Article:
Editorial: Keep stoned drivers off the road

Stoned drivers are ‘significantly’ impaired for up to 4 hours after cannabis use: study
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Massachusetts is still riding the fiscal high of legalized marijuana, and Monday’s thumbs-up in the Joint Committee on Cannabis Policy to new legislation shows the Legislature is in no hurry to tap the brakes.

Committee members polled about bills favored tighter restrictions on contracts between marijuana businesses and their host communities and establishing a Cannabis Social Equity Trust Fund, and laying the groundwork for cities and towns to allow on-site cannabis consumption establishments. All 14 committee members who registered an opinion on a bill relative to the expungement of convictions for marijuana possession voted to advance it favorably, as the State House News Service reported.

“The gap between the law’s stated commitment to equity and the on-the-ground reality of the industry shows just how much work we have left to do,” Sen. Sonia Chang-Diaz, co-chair of the Joint Committee on Cannabis Policy, said. “There’s universal agreement about the problems: High costs of entry and lack of access to capital create a near-impossible barrier for many talented entrepreneurs. This bill addresses both sides of that coin. I’m thrilled we’re finally advancing it.”

If we weren’t talking about a drug, even one legalized for adult use since 2016, these would be positive steps. Helping businesses to grow and increasing access to capital are great things.

But studies are indicating some not so great things about marijuana’s effects, and they need to be addressed as much as host community contracts and entrepreneurship.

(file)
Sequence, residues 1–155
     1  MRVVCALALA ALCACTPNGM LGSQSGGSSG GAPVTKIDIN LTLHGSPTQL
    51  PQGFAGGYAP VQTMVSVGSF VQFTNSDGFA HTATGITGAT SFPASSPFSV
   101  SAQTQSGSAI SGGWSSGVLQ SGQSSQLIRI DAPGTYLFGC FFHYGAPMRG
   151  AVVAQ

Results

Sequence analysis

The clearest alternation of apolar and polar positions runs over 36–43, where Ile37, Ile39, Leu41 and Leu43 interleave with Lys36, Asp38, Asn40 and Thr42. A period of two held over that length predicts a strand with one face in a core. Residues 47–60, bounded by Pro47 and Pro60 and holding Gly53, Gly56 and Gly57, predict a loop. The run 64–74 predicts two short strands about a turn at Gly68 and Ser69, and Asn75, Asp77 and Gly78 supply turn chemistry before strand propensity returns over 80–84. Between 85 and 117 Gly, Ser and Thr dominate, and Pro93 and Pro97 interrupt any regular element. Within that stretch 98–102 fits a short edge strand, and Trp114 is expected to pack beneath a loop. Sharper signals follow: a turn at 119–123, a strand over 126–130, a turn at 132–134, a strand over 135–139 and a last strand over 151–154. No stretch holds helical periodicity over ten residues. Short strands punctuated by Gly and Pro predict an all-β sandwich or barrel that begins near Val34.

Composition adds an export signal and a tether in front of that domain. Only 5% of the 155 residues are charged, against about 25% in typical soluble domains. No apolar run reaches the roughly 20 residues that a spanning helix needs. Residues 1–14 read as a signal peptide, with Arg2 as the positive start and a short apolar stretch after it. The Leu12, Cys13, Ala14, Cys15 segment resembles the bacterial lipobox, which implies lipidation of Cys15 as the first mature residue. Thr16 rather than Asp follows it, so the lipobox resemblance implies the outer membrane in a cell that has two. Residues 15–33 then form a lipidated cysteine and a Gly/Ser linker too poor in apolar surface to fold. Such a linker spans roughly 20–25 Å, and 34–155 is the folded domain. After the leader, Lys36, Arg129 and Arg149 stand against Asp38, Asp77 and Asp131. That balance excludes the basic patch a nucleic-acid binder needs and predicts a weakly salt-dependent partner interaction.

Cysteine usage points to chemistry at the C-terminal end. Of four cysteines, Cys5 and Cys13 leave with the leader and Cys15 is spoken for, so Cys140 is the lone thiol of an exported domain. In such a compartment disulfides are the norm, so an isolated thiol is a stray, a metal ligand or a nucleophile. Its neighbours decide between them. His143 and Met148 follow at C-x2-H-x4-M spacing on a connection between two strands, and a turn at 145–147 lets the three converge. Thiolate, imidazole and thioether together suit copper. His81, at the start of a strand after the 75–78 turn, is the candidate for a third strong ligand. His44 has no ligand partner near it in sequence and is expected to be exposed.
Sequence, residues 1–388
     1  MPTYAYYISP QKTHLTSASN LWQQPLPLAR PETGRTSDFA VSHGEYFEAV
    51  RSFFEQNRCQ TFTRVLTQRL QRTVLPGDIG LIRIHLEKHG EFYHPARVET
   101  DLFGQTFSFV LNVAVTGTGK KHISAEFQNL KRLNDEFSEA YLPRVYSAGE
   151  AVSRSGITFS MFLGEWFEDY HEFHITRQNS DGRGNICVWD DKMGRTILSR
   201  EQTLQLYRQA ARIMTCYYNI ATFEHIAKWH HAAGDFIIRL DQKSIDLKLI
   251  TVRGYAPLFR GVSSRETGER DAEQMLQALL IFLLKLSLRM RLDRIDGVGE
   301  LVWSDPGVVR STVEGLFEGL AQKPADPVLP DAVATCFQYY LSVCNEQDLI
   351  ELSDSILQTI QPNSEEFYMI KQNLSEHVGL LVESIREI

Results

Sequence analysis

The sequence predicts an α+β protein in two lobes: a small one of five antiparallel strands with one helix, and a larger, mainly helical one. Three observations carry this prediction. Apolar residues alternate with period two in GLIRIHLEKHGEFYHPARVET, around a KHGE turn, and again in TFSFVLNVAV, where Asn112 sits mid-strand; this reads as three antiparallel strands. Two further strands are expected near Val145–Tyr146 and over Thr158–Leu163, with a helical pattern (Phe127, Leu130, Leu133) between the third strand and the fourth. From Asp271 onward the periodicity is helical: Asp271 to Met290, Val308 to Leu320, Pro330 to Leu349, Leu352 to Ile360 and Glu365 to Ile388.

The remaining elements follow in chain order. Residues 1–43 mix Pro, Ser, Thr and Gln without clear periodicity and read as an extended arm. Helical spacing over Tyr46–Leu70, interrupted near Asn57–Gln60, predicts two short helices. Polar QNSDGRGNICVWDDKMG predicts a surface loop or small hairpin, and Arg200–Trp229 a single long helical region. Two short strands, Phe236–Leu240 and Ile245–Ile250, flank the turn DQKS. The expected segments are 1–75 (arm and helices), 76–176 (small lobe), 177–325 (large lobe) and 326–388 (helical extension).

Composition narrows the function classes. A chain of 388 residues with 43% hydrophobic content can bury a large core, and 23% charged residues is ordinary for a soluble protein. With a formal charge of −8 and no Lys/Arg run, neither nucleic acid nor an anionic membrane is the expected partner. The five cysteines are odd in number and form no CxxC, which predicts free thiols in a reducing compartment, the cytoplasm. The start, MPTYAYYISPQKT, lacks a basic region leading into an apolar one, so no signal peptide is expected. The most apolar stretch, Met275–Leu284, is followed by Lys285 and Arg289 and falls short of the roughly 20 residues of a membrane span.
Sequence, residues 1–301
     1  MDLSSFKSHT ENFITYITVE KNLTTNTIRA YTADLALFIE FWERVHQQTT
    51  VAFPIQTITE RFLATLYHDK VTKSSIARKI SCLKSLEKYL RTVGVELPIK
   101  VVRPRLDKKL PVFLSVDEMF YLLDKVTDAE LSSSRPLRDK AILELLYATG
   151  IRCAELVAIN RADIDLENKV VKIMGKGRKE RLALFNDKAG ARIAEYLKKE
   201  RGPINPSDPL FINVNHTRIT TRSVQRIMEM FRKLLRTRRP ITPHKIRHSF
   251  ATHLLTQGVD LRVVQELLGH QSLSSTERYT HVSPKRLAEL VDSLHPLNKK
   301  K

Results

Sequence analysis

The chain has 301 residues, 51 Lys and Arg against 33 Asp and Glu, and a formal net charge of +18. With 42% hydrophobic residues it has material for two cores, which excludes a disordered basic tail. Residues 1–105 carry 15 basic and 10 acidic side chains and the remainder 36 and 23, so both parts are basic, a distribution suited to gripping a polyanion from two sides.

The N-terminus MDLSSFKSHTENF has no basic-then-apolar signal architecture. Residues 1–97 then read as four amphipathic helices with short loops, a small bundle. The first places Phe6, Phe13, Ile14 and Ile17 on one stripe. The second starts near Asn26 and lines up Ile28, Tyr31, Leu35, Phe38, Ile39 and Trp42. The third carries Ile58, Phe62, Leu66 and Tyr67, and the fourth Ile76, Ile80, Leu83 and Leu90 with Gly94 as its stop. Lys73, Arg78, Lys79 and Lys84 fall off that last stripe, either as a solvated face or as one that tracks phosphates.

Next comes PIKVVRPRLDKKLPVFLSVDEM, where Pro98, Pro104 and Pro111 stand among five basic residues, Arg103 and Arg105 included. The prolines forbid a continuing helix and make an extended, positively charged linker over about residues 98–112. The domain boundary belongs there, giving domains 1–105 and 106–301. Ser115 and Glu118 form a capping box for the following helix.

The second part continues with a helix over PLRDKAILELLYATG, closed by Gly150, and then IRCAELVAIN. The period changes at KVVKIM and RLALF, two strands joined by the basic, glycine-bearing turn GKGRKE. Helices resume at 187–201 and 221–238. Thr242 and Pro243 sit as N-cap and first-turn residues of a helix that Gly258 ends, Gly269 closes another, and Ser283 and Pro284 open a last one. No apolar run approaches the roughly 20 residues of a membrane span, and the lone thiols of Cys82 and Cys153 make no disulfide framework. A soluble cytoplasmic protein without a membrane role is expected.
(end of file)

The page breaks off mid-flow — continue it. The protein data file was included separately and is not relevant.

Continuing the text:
A new study found that cannabis use can “significantly” impair drivers for up to four hours after use.

“Expanding cannabis medicalization and legalization increases the urgency to understand the factors associated with acute driving impairment,” researchers wrote.

As the Herald reported, the study by University of California, San Diego, the FDA and the Research Advisory Panel of California published last week in the JAMA Psychiatry journal determined that THC consumption “comprised key driving simulator variables, assessed prior to smoking and at multiple time points post-smoking.”

Gov. Charlie Baker, in his final year in office, is pushing lawmakers to act on legislation filed by his office to toughen up enforcement and penalties for Massachusetts drivers who get behind the wheel when they’re stoned.

His bill is named for State Police Trooper Thomas Clardy, who was killed while conducting a traffic stop on the Mass Pike in Charlton in 2016 when a man with THC in his system crashed his car into Clardy’s cruiser.

A previous version of the bill stalled during the last session.

Back in 2019, a report by the Centers for Disease Control and Prevention found that the number of people who acknowledge operating a motor vehicle after consuming marijuana spiked by 47% in a four-year span.

The National Highway Traffic Safety Administration has been studying cannabis use and driving, and points to a 2015 study on driving after smoking cannabis stated that THC in marijuana hurts a driver’s ability to multitask, a critical skill needed behind the wheel.

NHTSA said it continues to conduct research to better understand the relationship between marijuana impairment and increased crash risk.

But everyone who gets on the road is part of this research, and has been since 2016. If the Legislature is going to help the cannabis industry to grow in Massachusetts, it also owes it to its citizens to keep them safe by passing the Trooper Thomas Clardy Law.

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